I shall never understand the way liberals think about immigration. Here’s Michael Barone in his Saturday column:
The 2000 census was taken on April 1, 2000, less than a month after the peak of the tech boom. Unemployment was low, immigration was high, and entry point houses and apartments were crammed with large families.
The 2010 census was taken after two years of recession, when immigration had slackened off. We simply don’t know whether this was just a temporary response to the business cycle or the beginning of a permanent decline in migration.
Past mass migrations, which most experts expected to continue indefinitely, in fact ended abruptly. Net Puerto Rican migration to New York City stopped in 1961, and the huge movement of Southern blacks to Northern cities ended in 1965. Those who extrapolate current trends far into the future end up being wrong sooner or later.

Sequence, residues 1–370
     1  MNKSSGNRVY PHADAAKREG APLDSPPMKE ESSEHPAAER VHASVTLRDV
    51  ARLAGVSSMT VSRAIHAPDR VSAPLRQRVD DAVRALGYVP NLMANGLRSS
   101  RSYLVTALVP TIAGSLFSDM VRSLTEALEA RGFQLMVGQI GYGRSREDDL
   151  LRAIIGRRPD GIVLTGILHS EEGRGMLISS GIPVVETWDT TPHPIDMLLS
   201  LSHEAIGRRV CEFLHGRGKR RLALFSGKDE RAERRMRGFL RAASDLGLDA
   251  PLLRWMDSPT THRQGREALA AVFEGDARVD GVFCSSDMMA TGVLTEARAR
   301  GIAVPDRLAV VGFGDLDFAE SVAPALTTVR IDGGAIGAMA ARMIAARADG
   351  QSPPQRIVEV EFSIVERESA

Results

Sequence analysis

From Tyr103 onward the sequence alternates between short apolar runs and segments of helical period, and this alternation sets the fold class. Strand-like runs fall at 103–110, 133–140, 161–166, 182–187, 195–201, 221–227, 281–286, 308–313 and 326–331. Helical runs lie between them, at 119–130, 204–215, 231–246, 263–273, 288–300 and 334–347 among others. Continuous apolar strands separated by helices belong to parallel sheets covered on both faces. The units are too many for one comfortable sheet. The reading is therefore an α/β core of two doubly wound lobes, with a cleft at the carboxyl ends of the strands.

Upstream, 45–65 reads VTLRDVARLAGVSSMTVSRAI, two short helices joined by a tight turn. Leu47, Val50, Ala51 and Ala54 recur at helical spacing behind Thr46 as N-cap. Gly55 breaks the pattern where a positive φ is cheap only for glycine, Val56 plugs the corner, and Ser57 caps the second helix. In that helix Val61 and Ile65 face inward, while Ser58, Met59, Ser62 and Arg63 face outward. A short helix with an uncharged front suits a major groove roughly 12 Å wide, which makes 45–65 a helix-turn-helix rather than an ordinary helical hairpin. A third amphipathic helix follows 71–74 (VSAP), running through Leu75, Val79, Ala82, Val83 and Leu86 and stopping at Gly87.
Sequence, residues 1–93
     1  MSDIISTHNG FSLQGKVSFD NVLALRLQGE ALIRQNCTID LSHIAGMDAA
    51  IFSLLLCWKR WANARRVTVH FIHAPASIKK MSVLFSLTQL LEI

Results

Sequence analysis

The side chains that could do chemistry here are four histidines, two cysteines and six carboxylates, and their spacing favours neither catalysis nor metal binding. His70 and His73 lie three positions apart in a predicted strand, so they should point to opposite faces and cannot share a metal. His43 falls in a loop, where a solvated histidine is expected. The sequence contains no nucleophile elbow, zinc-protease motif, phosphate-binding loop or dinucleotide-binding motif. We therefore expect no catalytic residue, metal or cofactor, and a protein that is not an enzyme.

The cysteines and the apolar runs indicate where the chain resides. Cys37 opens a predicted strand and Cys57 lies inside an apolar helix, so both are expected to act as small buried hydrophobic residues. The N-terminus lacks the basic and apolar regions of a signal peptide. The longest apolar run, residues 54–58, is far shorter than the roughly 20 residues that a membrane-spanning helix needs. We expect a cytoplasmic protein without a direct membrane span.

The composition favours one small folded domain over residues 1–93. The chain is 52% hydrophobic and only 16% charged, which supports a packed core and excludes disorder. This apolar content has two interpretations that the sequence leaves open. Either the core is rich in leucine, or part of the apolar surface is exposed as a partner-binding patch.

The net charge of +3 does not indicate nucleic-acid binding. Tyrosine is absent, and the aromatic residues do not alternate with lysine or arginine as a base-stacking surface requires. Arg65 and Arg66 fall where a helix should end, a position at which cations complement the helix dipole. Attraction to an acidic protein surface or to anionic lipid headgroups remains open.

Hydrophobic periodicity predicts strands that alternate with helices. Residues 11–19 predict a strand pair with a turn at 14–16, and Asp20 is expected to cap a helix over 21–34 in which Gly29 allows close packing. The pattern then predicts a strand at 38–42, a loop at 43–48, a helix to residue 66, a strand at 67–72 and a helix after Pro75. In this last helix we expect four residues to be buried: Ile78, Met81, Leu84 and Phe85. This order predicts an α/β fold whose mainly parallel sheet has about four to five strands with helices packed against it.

Look at the mindset there. Immigration is an uncontrollable force, like the weather. It goes up; it goes down; who knows why? Will current trends continue? Who knows? Maybe. No telling. Just gotta wait and see.
You would never know from reading this stuff that immigration is just a policy, like farm price supports or funding for aircraft carriers. Congress can change the policy at any time by passing laws. Does Michael Barone not understand this?
(Still less would you know that Americans in general are more immigration-restrictionist than the average for developed countries.)